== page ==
Maryland State Department of Education Division of Rehabilitation Services For over 70 years, DORS has supported the employment and economic independence of Maryland citizens with disabilities. With more than 20 statewide offices, a comprehensive rehabilitation center and an increasing presence in Maryland's one-stop career centers, DORS makes important contributions throughout the state. People with disabilities participate in programs and services. Students with disabilities (and their families) come to DORS to make that important transition from school to post-secondary education and careers. Businesses depend on DORS for pre-screened, trained, and job-ready candidates. Citizens applying for Social Security disability benefits get accurate and timely decisions.

The Federal Resource Center (FRC) is part of the Regional Resource and Federal Centers Network: the RRFC Network, a national network of technical assistance projects. The RRFC Network is composed of six Regional Resource Centers (RRCs) that work with states, and the Federal Resource Center for Special Education that coordinates the RRCs and is a liaison between the Network and Office of Special Education and Rehabilitative Services (OSERS). The ultimate beneficiaries of the RRFC's services are infants, toddlers, children, and youth with disabilities, and the families and professionals who are associated with them.

The Healthy and Ready to Work (HRTW) National Center serves as a national focal point for the HRSA/Maternal and Child Health Bureau HRTW initiative. The Center's mission is to create changes in policy, programs and practices that will assist or support youth with special health care needs (YSHCN) to transition to adult health care with funding, work, and independence.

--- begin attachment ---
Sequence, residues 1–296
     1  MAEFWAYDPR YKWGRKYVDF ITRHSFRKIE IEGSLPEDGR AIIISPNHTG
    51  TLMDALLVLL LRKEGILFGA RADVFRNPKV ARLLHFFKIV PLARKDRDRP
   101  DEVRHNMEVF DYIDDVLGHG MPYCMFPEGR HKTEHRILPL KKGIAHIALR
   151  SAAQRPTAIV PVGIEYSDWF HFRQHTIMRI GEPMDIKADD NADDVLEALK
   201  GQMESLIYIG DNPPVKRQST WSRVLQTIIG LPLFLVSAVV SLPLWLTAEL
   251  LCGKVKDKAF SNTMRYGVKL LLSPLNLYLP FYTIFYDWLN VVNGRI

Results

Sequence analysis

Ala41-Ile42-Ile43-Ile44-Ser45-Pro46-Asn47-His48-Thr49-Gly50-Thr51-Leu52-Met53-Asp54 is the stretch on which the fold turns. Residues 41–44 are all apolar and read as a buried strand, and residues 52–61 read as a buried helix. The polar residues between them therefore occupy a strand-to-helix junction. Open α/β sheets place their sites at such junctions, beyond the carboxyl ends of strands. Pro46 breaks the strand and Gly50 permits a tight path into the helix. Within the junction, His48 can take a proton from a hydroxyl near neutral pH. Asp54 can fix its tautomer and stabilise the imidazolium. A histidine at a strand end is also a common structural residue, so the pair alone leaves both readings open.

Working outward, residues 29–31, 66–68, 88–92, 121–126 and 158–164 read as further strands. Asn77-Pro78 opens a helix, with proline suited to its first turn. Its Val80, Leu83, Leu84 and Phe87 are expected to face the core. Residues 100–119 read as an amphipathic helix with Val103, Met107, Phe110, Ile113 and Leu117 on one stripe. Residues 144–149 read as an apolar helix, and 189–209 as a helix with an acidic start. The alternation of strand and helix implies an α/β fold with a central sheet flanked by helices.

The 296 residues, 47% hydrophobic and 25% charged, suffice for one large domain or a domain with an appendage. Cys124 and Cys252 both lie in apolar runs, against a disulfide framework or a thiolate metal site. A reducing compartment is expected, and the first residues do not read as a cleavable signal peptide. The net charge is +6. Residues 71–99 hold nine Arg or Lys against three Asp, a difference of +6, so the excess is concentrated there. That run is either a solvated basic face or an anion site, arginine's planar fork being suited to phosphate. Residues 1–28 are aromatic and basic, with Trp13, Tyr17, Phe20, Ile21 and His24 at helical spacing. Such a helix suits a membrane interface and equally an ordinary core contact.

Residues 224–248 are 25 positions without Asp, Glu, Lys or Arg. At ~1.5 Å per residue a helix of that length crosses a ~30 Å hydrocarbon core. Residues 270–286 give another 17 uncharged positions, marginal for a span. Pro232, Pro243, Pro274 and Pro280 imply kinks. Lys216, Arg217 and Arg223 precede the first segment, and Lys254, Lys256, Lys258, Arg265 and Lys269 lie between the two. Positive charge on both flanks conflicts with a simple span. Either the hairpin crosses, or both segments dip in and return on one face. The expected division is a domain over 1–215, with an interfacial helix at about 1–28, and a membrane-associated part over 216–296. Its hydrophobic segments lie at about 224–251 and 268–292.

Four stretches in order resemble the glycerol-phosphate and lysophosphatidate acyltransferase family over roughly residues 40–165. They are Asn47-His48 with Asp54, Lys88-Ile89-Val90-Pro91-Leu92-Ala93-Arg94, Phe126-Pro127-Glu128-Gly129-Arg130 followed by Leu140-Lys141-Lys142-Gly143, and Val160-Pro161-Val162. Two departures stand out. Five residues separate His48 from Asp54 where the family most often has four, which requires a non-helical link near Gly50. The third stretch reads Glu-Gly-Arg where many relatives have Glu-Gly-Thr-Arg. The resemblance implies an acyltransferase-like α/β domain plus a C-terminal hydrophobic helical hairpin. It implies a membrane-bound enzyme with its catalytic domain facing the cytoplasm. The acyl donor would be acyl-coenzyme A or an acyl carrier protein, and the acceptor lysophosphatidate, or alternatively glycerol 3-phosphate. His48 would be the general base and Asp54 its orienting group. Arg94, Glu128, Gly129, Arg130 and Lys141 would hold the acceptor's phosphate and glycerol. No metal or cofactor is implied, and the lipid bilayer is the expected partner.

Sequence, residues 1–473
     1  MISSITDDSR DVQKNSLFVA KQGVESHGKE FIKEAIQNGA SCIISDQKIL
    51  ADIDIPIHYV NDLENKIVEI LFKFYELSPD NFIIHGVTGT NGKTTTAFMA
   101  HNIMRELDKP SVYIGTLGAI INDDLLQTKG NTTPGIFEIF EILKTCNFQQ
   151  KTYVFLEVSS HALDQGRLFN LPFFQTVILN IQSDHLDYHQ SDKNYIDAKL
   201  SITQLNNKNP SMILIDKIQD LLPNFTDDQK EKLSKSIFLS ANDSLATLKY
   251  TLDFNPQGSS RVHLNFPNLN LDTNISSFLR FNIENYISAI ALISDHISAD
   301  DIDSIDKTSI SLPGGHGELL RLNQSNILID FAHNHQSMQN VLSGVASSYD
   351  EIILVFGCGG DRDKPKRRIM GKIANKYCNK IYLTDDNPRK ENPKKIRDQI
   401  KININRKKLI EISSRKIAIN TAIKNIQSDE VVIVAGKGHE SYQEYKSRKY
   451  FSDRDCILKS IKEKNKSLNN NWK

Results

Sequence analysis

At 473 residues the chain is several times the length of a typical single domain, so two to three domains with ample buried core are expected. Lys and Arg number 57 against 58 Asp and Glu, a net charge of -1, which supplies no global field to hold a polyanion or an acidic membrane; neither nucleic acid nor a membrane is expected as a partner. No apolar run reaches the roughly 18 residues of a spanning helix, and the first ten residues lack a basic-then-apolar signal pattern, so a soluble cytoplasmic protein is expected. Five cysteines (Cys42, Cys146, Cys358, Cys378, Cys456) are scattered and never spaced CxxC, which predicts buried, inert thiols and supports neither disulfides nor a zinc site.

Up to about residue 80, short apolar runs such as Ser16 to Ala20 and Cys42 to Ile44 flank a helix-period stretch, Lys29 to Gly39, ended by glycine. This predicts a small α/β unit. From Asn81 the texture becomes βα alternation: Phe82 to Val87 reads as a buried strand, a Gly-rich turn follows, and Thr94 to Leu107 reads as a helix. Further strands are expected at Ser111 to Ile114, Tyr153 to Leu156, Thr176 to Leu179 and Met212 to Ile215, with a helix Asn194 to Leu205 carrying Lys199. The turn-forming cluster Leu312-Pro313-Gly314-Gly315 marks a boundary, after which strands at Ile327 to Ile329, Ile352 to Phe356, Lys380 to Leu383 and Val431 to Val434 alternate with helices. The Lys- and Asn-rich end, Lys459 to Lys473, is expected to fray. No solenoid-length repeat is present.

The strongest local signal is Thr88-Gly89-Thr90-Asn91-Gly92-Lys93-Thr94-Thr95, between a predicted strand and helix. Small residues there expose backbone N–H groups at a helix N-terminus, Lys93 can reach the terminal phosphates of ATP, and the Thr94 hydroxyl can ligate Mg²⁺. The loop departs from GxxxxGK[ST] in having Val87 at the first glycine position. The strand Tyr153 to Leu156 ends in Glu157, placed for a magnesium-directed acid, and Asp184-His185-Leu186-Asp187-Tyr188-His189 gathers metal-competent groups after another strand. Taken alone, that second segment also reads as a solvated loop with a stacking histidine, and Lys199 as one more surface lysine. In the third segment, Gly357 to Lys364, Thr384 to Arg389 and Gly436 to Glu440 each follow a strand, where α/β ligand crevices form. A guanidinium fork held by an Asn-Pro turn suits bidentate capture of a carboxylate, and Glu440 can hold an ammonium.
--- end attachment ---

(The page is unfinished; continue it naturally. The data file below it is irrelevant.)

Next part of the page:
The National Collaborative on Workforce and Disability for Youth (NCWD/Y) is your source for information about employment and youth with disabilities. Our partners - experts in disability, education, employment, and workforce development - strive to ensure you will be provided with the highest quality, most relevant information available.

The Office of Special Education and Rehabilitative Services, (United States Department of Education) By providing funding to programs that serve infants, toddlers, children and adults with disabilities, OSERS works to ensure that these individuals are not left behind ... in school, in employment, in life. OSERS also provides funds to programs that offer information and technical assistance to parents of infants, toddlers and children with disabilities, as well as members of the learning community who serve these individuals.

The National Center for Learning Disabilities has ideas to help teens plan for their future.

The Healthy and Ready to Work National Center provides information and connections to health and transition expertise nationwide - from those in the know, doing the work and living it! Success in the classroom, within the community, and on the job requires that young people with special health care needs stay healthy. To stay healthy, young people need an understanding of their health and to participate in their health care decisions.

For more information, contact Zakia Lindsey, Transition Coordinator.